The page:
Earlier this month, the American Trucking Associations (ATA) released a white paper hoping to set the record straight on driver fatigue and the role it plays in large truck crashes. A common belief is that 30-40% of all truck crashes are caused by driver fatigue. This is definitely important to trucking companies in California and beyond, since it’s part of the ongoing debate about establishing national truck safety priorities and acceptable Federal hours of service limits. In its paper, the ATA argued that the 30-40% isn’t accurate.
The ATA stated that the 30-40% comes from a 1990 study by the National Transportation Safety Board (NTSB). The ATA claims that the study looked at factors affecting driver fatigue, not at how many accidents were actually caused by fatigue. The ATA also noted that the crashes weren’t randomly sampled and didn’t represent all truck crashes. Instead, most of the crashes were single-vehicle crashes, mostly occurring at night, which are more likely to be the result of driver fatigue. The crashes were also limited to those that were fatal-to-the-driver, which are only 16.8% of all fatal truck crashes. The ATA also noted that many of the drivers identified in the study as being fatigued were also impaired by drugs or alcohol. The ATA also stated that the majority of accidents where fatigue was deemed to be the probable cause also had other probable causes.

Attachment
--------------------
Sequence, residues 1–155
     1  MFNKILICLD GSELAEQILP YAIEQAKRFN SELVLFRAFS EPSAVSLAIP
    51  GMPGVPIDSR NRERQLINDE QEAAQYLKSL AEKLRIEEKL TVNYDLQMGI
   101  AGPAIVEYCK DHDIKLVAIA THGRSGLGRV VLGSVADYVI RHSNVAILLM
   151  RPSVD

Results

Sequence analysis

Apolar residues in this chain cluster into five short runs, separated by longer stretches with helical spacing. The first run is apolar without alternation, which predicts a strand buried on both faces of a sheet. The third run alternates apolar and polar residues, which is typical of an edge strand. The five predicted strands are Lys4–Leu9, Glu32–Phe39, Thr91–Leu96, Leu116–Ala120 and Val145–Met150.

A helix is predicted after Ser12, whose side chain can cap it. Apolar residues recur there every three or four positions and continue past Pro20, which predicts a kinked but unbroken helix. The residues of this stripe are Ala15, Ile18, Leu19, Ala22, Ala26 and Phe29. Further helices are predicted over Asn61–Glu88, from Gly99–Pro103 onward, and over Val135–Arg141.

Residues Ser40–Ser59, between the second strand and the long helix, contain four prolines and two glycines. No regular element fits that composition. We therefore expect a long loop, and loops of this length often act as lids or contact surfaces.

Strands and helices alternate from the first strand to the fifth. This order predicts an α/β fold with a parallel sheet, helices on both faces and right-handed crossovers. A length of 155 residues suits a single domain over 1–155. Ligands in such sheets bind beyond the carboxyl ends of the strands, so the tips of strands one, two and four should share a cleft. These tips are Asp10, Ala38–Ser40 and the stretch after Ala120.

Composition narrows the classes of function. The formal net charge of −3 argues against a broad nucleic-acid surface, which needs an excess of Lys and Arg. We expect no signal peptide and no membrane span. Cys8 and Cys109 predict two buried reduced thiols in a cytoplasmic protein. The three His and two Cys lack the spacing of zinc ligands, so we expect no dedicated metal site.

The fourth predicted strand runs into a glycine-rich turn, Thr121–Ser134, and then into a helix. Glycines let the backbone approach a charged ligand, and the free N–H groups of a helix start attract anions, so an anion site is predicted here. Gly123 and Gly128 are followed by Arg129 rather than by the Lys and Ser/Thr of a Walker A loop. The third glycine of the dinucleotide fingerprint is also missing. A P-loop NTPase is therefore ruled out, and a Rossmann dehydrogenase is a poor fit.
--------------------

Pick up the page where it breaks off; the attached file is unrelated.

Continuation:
The NTSB actually warned against using the results of the study as generalizations to either all fatal truck accidents or all truck accidents. Unfortunately, it seems like this is exactly what happened. A search of the web will most likely pull up the “fact” that 30-40% of all truck driver accidents are caused by driver fatigue.
There’s no doubt that action should be taken to assure that our roads and highways are safe. It’s important that all drivers should be alert and focused. California trucking companies are already subjected to numerous laws to help keep the roads safe. What the ATA is advocating for, out of fairness to trucking companies in California and beyond, is that lawmakers should have accurate data in front of them before implementing laws that send rippling effects throughout the industry.